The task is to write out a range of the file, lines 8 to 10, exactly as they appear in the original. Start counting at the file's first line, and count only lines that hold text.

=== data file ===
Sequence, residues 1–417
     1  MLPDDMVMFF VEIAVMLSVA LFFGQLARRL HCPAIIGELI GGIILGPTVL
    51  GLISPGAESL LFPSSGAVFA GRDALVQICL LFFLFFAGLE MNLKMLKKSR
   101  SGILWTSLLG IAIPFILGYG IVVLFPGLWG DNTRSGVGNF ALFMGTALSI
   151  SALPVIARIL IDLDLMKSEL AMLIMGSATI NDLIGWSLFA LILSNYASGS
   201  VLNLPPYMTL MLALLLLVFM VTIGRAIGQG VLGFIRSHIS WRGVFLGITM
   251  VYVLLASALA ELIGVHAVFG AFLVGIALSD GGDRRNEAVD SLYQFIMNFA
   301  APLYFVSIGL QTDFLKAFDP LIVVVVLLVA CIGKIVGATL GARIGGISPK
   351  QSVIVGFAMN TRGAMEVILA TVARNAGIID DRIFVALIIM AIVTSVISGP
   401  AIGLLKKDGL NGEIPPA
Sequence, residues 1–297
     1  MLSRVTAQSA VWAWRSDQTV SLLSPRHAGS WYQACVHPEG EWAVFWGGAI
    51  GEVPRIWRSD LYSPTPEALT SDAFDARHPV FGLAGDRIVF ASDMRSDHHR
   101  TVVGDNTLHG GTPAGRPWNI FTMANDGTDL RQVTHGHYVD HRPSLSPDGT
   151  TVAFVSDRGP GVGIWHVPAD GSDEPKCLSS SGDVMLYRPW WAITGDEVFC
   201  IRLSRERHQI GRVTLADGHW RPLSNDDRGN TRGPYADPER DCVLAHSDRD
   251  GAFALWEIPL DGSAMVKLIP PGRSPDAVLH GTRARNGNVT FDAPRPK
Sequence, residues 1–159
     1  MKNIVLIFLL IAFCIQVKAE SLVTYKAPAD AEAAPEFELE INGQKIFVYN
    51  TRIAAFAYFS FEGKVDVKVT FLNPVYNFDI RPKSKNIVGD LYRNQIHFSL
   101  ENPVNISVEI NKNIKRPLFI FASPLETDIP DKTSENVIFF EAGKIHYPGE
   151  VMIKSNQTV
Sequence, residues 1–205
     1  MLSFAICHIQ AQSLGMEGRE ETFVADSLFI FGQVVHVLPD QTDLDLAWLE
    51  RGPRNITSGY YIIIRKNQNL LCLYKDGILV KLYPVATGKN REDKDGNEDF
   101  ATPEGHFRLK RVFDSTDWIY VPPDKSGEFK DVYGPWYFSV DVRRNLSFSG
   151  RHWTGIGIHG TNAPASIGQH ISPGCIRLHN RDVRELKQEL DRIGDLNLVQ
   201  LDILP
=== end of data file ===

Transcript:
   301  APLYFVSIGL QTDFLKAFDP LIVVVVLLVA CIGKIVGATL GARIGGISPK
   351  QSVIVGFAMN TRGAMEVILA TVARNAGIID DRIFVALIIM AIVTSVISGP
   401  AIGLLKKDGL NGEIPPA